Asean at 50. A club that agreed it’s better to be dull and to be together
As the Association of South-East Asian Nations marks its 50th birthday with sober celebrations , it’s worth asking how it remained a club when many others have fallen out amongst themselves.
The Gulf Cooperation Council, for instance. And the South Asia Association for Regional Cooperation. The Maghreb Union, from way back. Trade blocs that once seemed solid are now a bit less so. NAFTA is a case in point.
But ASEAN continues its unflashy way. In 50 years, it has doubled its founding membership (Indonesia, Malaysia, the Philippines, Singapore and Thailand) to 10. It has stayed grimly focussed on development, rightly judging politics to be too divisive. It keeps to consensus – a head-in-the-sand approach that may be a maddening contortion but is decidedly stabilising.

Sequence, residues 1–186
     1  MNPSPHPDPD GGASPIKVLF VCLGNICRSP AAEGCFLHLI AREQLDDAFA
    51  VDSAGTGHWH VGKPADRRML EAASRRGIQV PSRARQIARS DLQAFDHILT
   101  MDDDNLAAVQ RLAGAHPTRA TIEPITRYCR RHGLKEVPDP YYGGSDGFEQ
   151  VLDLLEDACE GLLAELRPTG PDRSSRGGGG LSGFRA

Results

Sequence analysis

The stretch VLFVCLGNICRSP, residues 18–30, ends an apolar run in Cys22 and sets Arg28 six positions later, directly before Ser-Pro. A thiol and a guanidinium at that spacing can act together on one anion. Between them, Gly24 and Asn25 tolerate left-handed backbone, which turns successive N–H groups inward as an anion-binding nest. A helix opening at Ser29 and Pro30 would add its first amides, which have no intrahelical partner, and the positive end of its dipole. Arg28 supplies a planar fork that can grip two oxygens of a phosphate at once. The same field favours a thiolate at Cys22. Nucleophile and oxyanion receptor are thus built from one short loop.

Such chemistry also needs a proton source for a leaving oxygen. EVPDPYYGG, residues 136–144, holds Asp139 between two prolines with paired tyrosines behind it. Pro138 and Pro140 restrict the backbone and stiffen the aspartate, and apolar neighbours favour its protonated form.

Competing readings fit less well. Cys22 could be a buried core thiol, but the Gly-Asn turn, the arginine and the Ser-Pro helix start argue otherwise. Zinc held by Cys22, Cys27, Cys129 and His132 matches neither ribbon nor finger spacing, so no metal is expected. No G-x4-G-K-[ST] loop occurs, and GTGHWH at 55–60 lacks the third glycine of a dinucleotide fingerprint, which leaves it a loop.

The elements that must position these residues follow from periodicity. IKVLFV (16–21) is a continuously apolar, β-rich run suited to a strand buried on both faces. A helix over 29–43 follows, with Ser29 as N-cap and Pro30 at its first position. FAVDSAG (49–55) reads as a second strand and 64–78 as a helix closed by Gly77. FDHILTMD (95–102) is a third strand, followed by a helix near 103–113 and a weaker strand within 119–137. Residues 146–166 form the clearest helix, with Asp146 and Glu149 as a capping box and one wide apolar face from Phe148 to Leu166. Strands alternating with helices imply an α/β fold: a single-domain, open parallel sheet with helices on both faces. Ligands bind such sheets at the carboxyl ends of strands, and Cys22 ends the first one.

But half-a-century on, the world is changing even if ASEAN is not. Its members are feeling the pressure to pick sides – the US or China.
The next 50 years may be more of a challenge than the first.